Being overweight or underweight, and having a correspondingly high or low BMI (body mass index), can impact your fertility.

BMI is a measure of height vs weight to identify if your weight is in a healthy range.

A higher BMI can have an impact on hormonal imbalances, pregnancy risks, and the number of drugs required for fertility treatments in women.

In men, a higher BMI can affect the quality and quantity of your sperm.

If your fertility treatment is NHS-funded, your BMI must be no more than 30.

You can find out your BMI by using the NHS BMI calculator.


As well as the obvious health benefits, regular moderate exercise can help boost fertility through improved enzyme activity.

Male fertility can be improved by avoiding intense exercise, tight underwear, and other potential sources of excessive heat such as saunas or hot baths.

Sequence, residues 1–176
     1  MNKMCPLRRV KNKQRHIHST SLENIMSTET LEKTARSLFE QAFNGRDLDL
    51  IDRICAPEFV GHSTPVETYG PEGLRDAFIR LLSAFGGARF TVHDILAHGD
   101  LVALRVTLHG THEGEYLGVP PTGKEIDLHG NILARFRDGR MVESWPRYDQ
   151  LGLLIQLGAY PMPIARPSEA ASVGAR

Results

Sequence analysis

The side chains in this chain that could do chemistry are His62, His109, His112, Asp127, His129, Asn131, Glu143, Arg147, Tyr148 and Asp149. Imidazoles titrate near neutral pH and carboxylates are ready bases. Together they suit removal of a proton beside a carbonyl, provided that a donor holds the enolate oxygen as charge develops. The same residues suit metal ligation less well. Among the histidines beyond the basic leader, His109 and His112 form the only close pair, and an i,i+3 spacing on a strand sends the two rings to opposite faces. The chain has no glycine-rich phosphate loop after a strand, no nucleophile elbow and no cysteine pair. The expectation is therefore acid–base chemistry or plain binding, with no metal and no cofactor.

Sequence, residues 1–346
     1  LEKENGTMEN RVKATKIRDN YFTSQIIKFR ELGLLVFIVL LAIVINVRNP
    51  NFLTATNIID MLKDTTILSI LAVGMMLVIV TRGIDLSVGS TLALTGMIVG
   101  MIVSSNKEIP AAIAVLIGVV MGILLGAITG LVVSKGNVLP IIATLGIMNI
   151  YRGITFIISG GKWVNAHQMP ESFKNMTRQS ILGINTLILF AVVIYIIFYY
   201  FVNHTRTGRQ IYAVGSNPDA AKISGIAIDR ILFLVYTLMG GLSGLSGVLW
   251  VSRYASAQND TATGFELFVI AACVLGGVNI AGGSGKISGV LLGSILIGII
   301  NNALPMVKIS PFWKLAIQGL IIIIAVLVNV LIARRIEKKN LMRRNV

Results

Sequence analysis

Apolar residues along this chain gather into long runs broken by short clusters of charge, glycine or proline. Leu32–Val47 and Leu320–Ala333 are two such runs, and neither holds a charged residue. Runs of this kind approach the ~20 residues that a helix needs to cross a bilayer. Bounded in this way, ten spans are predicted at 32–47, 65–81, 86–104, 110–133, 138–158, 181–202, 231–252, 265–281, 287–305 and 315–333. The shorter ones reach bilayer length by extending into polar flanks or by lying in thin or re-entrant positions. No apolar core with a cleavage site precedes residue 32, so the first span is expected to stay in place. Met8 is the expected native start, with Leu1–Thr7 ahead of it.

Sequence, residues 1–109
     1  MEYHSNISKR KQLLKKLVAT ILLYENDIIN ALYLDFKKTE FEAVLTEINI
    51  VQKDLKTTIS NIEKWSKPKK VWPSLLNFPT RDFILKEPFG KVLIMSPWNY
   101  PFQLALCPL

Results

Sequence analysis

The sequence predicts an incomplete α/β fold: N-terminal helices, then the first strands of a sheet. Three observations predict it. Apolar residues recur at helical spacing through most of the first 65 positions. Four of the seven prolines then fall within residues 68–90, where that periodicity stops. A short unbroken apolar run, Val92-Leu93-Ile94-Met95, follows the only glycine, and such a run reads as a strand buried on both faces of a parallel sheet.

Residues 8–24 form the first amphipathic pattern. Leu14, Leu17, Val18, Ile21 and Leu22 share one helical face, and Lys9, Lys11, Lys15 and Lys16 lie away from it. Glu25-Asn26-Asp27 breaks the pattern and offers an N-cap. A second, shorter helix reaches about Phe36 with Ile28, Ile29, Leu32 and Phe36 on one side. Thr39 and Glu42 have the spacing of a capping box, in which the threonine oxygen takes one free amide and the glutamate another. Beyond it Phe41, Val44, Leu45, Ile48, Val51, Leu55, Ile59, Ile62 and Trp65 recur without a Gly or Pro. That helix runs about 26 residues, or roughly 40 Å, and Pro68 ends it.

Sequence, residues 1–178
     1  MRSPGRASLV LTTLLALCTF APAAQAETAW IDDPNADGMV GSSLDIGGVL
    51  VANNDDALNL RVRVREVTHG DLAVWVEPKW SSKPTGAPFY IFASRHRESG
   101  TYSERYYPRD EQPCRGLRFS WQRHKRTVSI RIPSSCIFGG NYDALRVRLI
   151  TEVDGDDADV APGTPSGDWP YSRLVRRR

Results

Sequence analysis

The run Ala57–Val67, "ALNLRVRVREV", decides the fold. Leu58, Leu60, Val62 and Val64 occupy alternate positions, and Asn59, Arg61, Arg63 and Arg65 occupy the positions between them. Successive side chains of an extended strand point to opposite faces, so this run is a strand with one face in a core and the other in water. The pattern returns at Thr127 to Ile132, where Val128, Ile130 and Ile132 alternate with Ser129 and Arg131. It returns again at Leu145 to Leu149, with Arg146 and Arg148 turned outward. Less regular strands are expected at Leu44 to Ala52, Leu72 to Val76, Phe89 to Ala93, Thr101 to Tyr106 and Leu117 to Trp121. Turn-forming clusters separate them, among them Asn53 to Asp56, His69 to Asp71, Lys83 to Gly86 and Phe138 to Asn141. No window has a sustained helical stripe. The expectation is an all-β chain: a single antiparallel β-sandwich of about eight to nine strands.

If you take any supplements as part of your exercise regime, ask your GP for advice about the impact these may have on your fertility.


If you smoke, it’s very likely it will take you longer to get pregnant.

Cigarette smoke contains toxins, including cadmium and cotinine, that can reduce sperm quality and AMH levels, so impacting egg production.

Smoking can also cause increased sperm DNA damage, as well as reduced fertilisation and development potential, which leads to lower pregnancy rates.

Female fertility should start to improve three months after quitting smoking.

There’s limited evidence to date but, as with smoking, vaping is also thought to have a negative impact on fertility.